Written by PETA
Not only do PETA folk get to help animals (of course), and get e-mails with subject lines like "Has anyone seen our giant bunny costume?"—they also get to share in the involvement of the super-cool rock legends (from Macca to Grace Slick to Chrissie Hynde) who throw their considerable weight behind our efforts to help animals.
Now the one-and-only Iggy Pop has joined PETA and students at Iggy's alma mater, the University of Michigan (U-M), in demanding that animals who are tormented and killed in a medical training course be replaced with the humane and educationally superior alternatives that are available. After learning that U-M abuses and kills cats and pigs in its Survival Flight course for nurses, Iggy fired off a letter on PETA's behalf, urging the university to drop these cruel and archaic animal labs and to switch to the sophisticated simulators that are already used to teach the same skills in other advanced U-M training courses.
Iggy writes, "It's common sense that cutting apart pigs and maiming cats isn't the best way to train people to treat humans. … U-M should not be harming animals when better alternatives are available and already in use on campus."
Written by Jeff Mackey
Regular readers know that mulesing is a process whereby sheep farmers in Australia turn lambs upside-down and cut off the skin and flesh on their rumps with a pair of gardening shears and without any pain relief. Now there are reports that Australian Wool Innovation (AWI), in response to PETA's campaign to end mulesing, has developed another new mulesing alternative, but being hopeful of progress by AWI is something that makes me nervous to no end.
This alternative is an injection that smoothes out the animals' skin (when it's all full of folds, maggots can hatch and eat the sheep alive). The injection is not perfect—the animals are still stressed out from being handled—but it seems relatively painless, which is a huge step forward in embracing the concept that less pain doesn't equal no pain).
We won't break out the champagne yet. In 2004, AWI agreed to end mulesing by 2010, but they've been dragging their heels disgracefully. Then they developed a different (but still very painful) type of skin-removal technique called "clip mulesing," in which big clips are clamped onto lambs' bottoms so tightly that the flesh dies and falls off, and called it "humane." Rotting, dying skin. Ewe.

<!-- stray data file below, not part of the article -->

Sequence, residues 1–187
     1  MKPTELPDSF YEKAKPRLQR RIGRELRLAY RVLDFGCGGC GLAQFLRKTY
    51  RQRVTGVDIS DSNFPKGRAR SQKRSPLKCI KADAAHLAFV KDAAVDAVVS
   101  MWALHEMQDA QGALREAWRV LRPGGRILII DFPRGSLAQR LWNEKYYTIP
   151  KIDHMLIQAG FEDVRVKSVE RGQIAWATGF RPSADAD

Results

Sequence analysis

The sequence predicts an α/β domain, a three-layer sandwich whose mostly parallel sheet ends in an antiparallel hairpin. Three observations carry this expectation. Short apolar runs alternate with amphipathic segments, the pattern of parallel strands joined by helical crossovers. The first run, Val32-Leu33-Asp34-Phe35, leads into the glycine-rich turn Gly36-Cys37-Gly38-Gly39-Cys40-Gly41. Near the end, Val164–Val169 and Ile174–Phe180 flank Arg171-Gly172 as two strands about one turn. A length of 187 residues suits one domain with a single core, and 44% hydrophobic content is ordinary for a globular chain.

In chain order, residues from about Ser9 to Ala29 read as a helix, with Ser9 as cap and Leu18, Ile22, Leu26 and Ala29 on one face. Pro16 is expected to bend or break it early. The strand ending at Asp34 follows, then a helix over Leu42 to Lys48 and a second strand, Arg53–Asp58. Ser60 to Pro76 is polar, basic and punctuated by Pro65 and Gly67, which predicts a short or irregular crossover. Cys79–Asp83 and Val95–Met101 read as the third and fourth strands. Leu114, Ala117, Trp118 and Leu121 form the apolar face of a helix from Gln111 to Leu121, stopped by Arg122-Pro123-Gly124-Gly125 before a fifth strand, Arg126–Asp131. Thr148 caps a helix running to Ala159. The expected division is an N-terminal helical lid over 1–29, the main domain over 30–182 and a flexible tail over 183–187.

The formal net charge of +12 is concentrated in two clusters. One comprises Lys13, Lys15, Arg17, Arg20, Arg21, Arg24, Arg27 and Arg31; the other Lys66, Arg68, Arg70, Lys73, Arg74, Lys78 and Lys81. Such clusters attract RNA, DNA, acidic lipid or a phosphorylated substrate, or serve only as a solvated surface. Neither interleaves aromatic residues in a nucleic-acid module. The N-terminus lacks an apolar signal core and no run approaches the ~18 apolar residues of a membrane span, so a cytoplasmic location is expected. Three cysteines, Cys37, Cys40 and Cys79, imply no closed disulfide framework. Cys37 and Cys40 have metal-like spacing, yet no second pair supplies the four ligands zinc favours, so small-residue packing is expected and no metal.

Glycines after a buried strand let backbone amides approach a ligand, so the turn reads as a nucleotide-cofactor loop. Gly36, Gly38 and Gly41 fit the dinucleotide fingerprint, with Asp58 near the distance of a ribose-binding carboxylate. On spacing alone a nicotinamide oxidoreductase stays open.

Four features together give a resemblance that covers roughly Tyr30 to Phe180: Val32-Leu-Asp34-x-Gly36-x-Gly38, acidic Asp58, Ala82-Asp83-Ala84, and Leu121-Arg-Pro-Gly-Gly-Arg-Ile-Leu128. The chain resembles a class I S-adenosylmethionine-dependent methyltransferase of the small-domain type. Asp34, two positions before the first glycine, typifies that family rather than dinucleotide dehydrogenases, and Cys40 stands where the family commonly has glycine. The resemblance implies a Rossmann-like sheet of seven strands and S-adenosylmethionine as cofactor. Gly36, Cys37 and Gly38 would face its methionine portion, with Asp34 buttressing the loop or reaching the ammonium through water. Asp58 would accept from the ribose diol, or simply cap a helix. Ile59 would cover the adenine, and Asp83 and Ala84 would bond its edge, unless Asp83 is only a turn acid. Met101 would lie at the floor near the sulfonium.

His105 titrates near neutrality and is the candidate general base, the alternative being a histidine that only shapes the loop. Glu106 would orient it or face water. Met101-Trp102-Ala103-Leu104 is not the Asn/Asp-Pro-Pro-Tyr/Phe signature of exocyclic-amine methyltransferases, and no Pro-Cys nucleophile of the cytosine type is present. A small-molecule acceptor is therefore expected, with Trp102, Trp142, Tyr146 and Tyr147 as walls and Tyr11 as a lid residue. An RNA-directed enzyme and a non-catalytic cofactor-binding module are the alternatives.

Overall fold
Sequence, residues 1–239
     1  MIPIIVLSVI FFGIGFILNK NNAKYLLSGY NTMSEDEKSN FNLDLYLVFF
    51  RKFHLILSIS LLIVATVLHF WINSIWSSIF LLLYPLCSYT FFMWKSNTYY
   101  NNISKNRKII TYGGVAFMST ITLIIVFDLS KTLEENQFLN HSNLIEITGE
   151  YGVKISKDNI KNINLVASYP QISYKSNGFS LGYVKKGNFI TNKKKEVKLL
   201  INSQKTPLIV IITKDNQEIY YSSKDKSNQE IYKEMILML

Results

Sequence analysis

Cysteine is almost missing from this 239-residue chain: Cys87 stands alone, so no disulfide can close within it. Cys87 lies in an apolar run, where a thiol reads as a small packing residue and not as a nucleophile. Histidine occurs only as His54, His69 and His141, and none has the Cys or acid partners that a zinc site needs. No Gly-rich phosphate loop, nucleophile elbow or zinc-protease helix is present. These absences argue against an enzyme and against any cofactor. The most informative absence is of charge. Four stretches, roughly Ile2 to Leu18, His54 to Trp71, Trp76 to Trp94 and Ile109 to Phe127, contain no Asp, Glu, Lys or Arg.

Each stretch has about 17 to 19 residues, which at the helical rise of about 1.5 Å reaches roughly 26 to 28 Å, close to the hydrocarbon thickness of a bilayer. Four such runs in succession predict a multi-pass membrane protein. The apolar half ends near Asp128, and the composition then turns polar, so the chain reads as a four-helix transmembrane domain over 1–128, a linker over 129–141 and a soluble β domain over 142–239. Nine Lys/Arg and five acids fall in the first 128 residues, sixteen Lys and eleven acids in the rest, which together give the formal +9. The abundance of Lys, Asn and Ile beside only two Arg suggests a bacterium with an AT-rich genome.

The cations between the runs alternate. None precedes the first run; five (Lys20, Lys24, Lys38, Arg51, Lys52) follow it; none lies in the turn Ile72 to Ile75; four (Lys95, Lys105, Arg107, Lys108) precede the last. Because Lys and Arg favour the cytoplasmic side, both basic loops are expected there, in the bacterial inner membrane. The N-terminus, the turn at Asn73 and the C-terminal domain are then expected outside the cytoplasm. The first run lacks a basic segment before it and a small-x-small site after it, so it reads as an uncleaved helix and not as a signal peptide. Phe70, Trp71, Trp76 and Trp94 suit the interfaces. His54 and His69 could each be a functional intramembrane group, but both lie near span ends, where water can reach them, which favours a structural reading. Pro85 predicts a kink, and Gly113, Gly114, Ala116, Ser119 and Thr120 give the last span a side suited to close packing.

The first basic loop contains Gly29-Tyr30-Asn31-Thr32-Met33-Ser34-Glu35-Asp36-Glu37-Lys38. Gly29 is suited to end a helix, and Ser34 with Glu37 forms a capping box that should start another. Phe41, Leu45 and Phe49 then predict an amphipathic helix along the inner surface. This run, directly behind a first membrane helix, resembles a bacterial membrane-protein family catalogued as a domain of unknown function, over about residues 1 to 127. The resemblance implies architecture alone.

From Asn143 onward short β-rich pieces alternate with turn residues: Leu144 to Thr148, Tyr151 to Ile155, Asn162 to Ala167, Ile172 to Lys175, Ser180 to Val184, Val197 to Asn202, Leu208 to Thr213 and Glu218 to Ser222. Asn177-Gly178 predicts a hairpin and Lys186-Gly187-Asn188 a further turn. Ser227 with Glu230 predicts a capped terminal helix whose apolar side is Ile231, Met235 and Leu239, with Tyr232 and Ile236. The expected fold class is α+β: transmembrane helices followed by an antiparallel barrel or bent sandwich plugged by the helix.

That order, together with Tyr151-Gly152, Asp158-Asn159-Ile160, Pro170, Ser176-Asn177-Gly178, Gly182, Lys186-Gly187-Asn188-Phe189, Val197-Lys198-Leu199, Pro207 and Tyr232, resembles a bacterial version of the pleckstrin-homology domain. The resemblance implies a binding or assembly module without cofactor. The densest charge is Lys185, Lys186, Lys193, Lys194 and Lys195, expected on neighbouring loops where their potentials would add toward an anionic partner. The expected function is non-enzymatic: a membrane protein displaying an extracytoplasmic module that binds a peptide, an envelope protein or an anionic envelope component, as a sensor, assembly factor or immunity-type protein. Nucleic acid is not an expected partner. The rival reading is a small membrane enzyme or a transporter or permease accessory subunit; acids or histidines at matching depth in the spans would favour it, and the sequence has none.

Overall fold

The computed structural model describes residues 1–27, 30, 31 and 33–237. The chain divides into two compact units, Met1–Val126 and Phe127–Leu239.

So we raised a ruckus in the clothing retail industry, causing companies like H&M, Perry Ellis, and Adidas to reject all wool from mulesed lambs (including those mulesed using the hideous clips).
The injection, however, just might be a most-welcome forward movement for all those Aussie lambs.
Written by Matt Prescott
Did you hear? Dave Freeman, the author of 100 Things to Do Before You Die, has died, just like that, at 47! He fell and hit his head. Honestly!
It just goes to show that you have NO idea how long you've got. And to keep the cheery theme alive, consider all the people who have become paralyzed by falling off their mountain bikes, etc.
You can't lock yourself in your room, and even if you did, you could be hit by a chunk of toilet ice falling out of a plane and through your roof, struck by lightening as you took a shower, or … well, you get it. Life is fleeting. In fact, that's been a theme of mine for a while. In Making Kind Choices, I wrote about how amazing it would be to have a wristwatch that would tell you not what time it is now but how much time you had left so that you could know what's important to cram in. You'd look at it and see "40 days, 3 hours, and 2 minutes," and you'd think, "OMG! Better get a move on!"
So ask yourself: Are you putting off asking that special person for a date, telling your friend you are sorry for some remark that ended your friendship, or, most importantly … buying vegan groceries? Wouldn't you rather die than have your last meal on Earth cause animals fear, pain, and death?
Oh, and Dave Freeman took this stuff seriously (yes, he didn't fully "get it," seeing as how he went to Pamplona and ran with—shouldn't that be "against"?—the bulls), so he had made a will. Now some of his leftovers, including some useful money, will go to a children's charity. Good for him! Please follow his lead and put a charity—may I suggest PETA?—in your will, too, or else the state rather than animals will benefit from your death (and you know they'll only use the money to buy something stupid).
Written by Ingrid Newkirk
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Almost all of us grew up eating meat, wearing leather, and going to circuses and zoos. We never considered the impact of these actions on the animals involved. For whatever reason, you are now asking the question: Why should animals have rights? Read more.